My guess is that the answer lies within the Leadership, as to the kinds of leaders they are and the quality of the vision they have, and within the congregation and the degree to which they buy into the vision of their leaders and their own level of spiritual maturity… A quality vision, shared by a mature congregation makes the answer simple, and that situation or environment, is the goal of this process. That’s why a more mature leadership is step one, a more mature congregation is step two, and reaching out to the lost is step three and style changes is step four. Exactly what those changes should be is a local matter, and won’t be the same everywhere.

      This probably doesn’t answer your question very well, but it’s the best I can do…

      • Little Monk says:

        Thanks for the thoughtful response, and please understand, I was trying to apply the essence of my “question” still staying within that generic “for instance” scope you have been writing from. That is, I used “music – classic or contemporary” more as a “ready example” than as the specific application. I don’t want to try to generalize your lessons out to a universe of possibilities. Whether I succeeded or failed, I am trying to stay within the “same scope of discourse” as the one you are teaching in.

        I appreciate the illustration of the politician and the statesman. I’d love to see you follow that up with its spiritual application and church administration application one day. One of the few “dark and regrettable” elements of my own professional past is that one of the tools in which I have significant training and skill can be easily turned to less-than-noble uses. I let myself be persuaded (at one point in my walk), that to apply this tool to “church service” and teach it to pastors, meant that it would be used only for “good purposes”, and result in “good fruit”. Well, keeping a sad short story short… I could not be more wrong. This powerful tool was applied with the same mixed agenda in the church universe as the political. So I quit teaching it altogether. I was teaching pastors to be “politicians” rather than “statesmen” in your illustration… and that simply had to stop.

        So I think my question about application could be framed in terms of ANY of the “man-made culture elements” that have been discussed in your lessons… whether music, decor, dress style, furnishing, bell/book/candle or not… etc.

        The only thing I MEANT to say about my QUESTION was that:

        “Once upon a time” I thought a church leader had to determine which SINGLE configuration was RIGHT for “their congregation” as a whole, and that “dissenters” from that “mean” were “malcontents” with attitude and control issues.

        Over time I’ve become convicted to a broader view, that in the matter of worship, each individual’s “comfort zone” is spiritually significant, not a matter of their own biases or ego. But that there are “ranges” that can be quite diverse, depending on the diversity and numbers of the church involved.

        To insist that worship for Oneself, to be “distraction free from cultural dissonance” requires a given environment or cultural theme… is NOT arrogance or objectionable. That is simply honest and transparent.

        But to insist that worship of GOD, for ALL, requires a given environment or cultural theme… yes, that is arrogant, and denies others their equal opportunity to worship.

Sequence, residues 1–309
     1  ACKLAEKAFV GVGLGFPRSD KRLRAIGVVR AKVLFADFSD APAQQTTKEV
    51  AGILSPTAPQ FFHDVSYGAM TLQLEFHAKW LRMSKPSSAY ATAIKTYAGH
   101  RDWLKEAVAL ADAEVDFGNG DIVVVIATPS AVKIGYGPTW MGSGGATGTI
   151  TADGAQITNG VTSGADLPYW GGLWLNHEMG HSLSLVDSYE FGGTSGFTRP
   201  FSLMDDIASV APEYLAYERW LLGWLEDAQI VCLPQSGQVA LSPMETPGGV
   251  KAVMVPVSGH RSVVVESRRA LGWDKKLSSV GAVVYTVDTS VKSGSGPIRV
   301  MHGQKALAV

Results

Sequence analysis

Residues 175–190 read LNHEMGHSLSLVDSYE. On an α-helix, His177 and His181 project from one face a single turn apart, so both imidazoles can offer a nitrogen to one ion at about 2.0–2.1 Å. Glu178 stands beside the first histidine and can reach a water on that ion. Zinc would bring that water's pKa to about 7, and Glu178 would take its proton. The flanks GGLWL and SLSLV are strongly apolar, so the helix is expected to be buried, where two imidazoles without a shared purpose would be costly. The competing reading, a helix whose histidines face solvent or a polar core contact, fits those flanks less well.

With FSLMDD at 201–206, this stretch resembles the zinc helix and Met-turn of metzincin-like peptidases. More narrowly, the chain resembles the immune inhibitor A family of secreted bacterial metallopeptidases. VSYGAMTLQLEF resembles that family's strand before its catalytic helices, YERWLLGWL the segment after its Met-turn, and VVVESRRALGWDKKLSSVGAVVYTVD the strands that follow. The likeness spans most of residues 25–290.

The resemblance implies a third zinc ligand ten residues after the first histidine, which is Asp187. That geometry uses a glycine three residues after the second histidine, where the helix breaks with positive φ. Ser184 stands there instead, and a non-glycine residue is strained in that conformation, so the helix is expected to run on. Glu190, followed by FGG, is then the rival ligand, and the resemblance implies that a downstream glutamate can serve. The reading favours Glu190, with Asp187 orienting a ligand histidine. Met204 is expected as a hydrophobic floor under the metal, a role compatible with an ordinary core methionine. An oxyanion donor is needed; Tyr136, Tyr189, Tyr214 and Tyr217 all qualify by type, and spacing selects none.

~ ~ ~ ~ ~

        I’ve become convinced of the truth of that, yes. I have NOT, however, yet figured out really how to deal with it.

        Grace — LM

  2. William Haney says:

    Even your old church has made favorable changes as you well, as you well know. Some are subtle which can be the beset. Some is demographic. Our pastorm has tapped in the last year some younger gentlemen and some who have families that has helped with growth. Granted, my common ground is minimal (one I don’t own guns), but it has helped with the energy there. Run with it!! One tricky thing is you go forward but not make those stuck in the past not feel obsolete. Always reach out to them or leave an open door if that makes sense.

    • Don Merritt says:

      You’re right of course. We had a lot of success with some of those changes… could have done others better… and moved a very long way over all; transformation took place. Always need to be reaching out, always need to keep moving forward, always much to be done; it’s exciting!

  3. vwoods1212 says:

    I am a fan of the traditional hymn; appreciate some new stuff but when I need to get into that deep place with God, He chooses the songs, which tends to be hymnals. Brings to mind Elisha when he called for the minstrals to invoke the presence of God. Brings about this question: is worship for us or for God?

    DM your thoughts on this post which I found a couple weeks ago:

    I was quite astonished. VW

    • Don Merritt says:

      Personally, I prefer the old hymns too. As i am writing this, I am listening to classical, as I usually do. So, if it were up to me, I would used Bach in Sunday worship, since most of his music was written for church, of course most Americans today associate Bach’s music with Halloween and haunted houses; I’d soon be the only person there. Ah, who is worship for, particularly when it comes to music style? I can tell you this much, it isn’t about me!

      I checked out the post you suggested. All I will say in this public forum is that the author comes from a vastly different background than I do, although I read it with great interest. By the way, most people would agree that Adolf Hitler was a personification of evil. Not many know that he was both into the occult and classical music, a big Strauss fan, he also enjoyed Motzart !

  4. esthereyere says:

    Who helped you set up your website/blog? It’s beautiful.

    – Queen Esther